This is a walkthrough in how to cut asphalt roof shingles. Whenever you are installing or repairing asphalt roof shingles, you will probably be cutting them to fit. There are other methods, but this page is dedicated to cutting with a utility knife. With a straight blade or a hooked blade, you can make your cuts like a pro. Remember, the warmer the shingles, the easier they cut. This can be a good thing, or a bad thing.
How to Cut Asphalt Roof Shingles with a Straight Blade
There are times when a straight blade is used to cut asphalt roof shingles. When the shingle is not nailed, and you can turn the shingle upside down to cut it. You cannot cut on the granule or top side of the shingle with a straight blade.
Take the shingle turn it upside down by placing the side you want to cut over to the side you are butting into the other shingle. So your only flipping the shingle from right to left or left to right, not also flipping up or down. Now line up the side of the shingle you don’t want to cut with the point of the edge that you want to cut to. Now back at the shingle that you are butting up against, cut at that point. You can use a square or tape measure to mark if needed. You may want to give a little or take a little depending on where you want your cut to end up. Now put the side that you just cut over to the edge. It should now line up with the edge. You can trim more off, but you can’t add to it, so take your time and make a few cuts before you get in a hurry.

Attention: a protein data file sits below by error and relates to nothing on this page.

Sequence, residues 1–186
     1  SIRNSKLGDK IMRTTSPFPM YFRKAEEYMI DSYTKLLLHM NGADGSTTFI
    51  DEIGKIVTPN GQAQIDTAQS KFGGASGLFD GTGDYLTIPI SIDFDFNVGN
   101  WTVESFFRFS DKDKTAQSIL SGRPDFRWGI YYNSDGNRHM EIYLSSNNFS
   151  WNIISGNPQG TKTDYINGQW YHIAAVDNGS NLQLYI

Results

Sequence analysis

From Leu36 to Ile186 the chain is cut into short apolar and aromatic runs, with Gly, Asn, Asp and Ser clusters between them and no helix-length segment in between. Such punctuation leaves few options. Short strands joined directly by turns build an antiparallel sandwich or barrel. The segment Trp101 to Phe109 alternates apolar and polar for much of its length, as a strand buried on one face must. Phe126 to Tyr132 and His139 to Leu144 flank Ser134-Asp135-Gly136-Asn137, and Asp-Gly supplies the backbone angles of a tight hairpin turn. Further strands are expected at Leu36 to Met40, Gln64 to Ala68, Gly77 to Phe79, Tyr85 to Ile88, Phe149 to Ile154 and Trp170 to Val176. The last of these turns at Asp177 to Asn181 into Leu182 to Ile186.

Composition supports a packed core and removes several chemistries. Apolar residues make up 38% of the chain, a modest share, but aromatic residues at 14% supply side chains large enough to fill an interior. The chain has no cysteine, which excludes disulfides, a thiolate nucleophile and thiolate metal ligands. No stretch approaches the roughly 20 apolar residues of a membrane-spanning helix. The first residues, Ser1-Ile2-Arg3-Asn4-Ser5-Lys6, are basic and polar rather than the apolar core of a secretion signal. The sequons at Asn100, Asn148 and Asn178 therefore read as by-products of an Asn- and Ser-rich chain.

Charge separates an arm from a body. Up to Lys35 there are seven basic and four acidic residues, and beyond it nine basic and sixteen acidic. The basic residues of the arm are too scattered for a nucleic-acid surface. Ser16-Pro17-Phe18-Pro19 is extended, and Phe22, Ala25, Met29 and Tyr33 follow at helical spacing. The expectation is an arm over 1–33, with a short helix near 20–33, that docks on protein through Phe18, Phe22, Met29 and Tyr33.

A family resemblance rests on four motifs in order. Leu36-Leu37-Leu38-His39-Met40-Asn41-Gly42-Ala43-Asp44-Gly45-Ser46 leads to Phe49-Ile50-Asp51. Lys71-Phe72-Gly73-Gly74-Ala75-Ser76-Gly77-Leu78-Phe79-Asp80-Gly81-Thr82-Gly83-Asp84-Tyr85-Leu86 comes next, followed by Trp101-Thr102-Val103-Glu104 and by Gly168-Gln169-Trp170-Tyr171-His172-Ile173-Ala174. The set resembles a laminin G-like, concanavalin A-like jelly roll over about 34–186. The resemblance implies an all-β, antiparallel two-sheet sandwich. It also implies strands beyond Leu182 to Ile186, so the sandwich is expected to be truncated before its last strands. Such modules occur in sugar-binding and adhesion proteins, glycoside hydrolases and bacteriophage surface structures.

How to Cut Asphalt Roof Shingles with a Hooked Blade
With a hooked blade you can cut on top or the granule side of asphalt roof shingles. There are two ways to do this. One is to make a cut a row at a time, the other is to lay several rows and then pop a line and cut to the line. Laying one row at a time and cutting can sometimes leave you with a crooked rake or valley. If you have dripedge on the rake, then you have a mark to cut to each time. If not, then popping a line will do the trick. W-valley can go either way, cut each one or pop a line. If you are holding your shingles out of the valley or doing a snow valley (tapered) then popping a line is a must. Half-lace or California weave valley, you can pop a line after your first layer goes in, or wait until you lay the second layer and pop a line and cut after.
Blue chalk will wash away. Red chalk will not wash away. I have seen red chalk lines on an asphalt shingle roof 20 years after.
Either way, a hooked blade works a little differently than a straight blade. A hooked blade you hook at the starting point and pull towards you. You don’t push down like a straight blade. Also, you don’t want to cut into the layer of shingles underneath, especially in a valley. Architectural or Dimensional shingles have two layers at the bottom and you can usually only cut one layer at a time (unless it is real hot).
When dealing with Architectural or Dimensional shingles, the tar strip is on the bottom of the shingles. Don’t let the shingles lay there and get hot. Cut them immediately. If it is too long in between, pop a line and cut what you have laid. The shingles will stick down and leave tar strip residue on the finished roof below. You could put something down, like shingle wrappers to insulate and protect your finished roof.